NEW YORK — The stock market idled on Thursday afternoon as investors digested second-quarter results from companies across several industries, including Facebook, Ford and Caterpillar.
Investors also had two economic reports to interpret, one on the housing market and one on the job market.
KEEPING SCORE: The Dow Jones industrial average was flat at 17,089 as of 1:30 p.m. Eastern time. The Standard & Poor's 500 index rose two points, or 0.1 percent, to 1,989. The Nasdaq composite was up a point to 4,474.
FACEBOOK SURGES: Facebook rose $4.53, or 6 percent, to $75.78 after reporting a profit late Wednesday that beat expectations. Mobile advertising, a crucial business for the world's largest social media company, saw major growth in the quarter.
THE AUTOMAKERS: Ford rose 10 cents, or 1 percent, to $17.88 after reporting a 6 percent increase in second-quarter earnings to $1.3 billion. The automaker was helped by sales gains in Europe. General Motors fell $1.31, or 4 percent, to $36.10 after announcing an 85-percent drop in quarterly earnings. The company, which is in the midst of the worst recall crisis in its history, posted a net profit of $190 million.
CAT FALL: Dow member Caterpillar fell $3.85, or 4 percent, to $104.55. It was the biggest decliner among the 30 companies that make up the blue-chip average. The construction equipment maker said its quarterly profit rose 4.1 percent, which beat expectations. However, its revenue fell short of forecasts.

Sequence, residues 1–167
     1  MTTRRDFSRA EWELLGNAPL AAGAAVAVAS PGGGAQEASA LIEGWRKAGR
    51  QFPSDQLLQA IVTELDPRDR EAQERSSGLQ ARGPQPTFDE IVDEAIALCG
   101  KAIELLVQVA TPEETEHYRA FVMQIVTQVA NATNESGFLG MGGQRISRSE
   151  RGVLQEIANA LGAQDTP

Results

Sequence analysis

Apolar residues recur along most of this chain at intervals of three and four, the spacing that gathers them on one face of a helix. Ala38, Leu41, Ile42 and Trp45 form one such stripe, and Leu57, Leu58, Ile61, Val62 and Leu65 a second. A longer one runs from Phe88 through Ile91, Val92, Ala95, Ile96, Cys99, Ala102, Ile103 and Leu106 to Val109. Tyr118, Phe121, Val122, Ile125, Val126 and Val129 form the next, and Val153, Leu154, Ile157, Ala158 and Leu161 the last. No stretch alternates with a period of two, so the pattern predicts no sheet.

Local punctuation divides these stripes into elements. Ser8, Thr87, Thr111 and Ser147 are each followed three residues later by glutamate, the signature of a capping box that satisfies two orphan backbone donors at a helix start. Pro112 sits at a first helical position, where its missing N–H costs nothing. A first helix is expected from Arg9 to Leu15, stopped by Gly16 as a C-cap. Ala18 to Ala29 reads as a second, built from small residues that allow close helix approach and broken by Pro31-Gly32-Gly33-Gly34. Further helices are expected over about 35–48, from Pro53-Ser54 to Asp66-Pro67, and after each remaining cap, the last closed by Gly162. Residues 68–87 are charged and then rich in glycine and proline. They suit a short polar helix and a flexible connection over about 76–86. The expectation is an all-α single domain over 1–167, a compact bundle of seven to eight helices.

HURT HOMEBUILDERS: Homebuilder stocks fell Thursday after the government reported that new home sales dropped precipitously. Sales fell 8.1 percent last month to a seasonally adjusted annual rate of 406,000. The report also revised down the May sales rate to 442,000 from 504,000. Pulte Homes and KB Home fell 2 percent while Toll Brothers fell 4 percent.
D.R. Horton quarterly results also dragged down homebuilders. Its profit dropped, despite an increase in home orders. Shares fell $2.66, or 11 percent, to $22.14.
FEWER JOBLESS CLAIMS: Investors got some good news about jobs. The Labor Department reported weekly applications for unemployment aid dropped 19,000 to a seasonally adjusted 284,000 claims. That's the lowest reading since February 2006, nearly two years before the Great Recession began.
BONDS AND OIL: The yield on the 10-year Treasury note nudged up to 2.51 percent from 2.47 percent late Wednesday. Bond yields rise when prices fall. U.S. crude oil fell 80 cents to $102.32 a barrel in New York.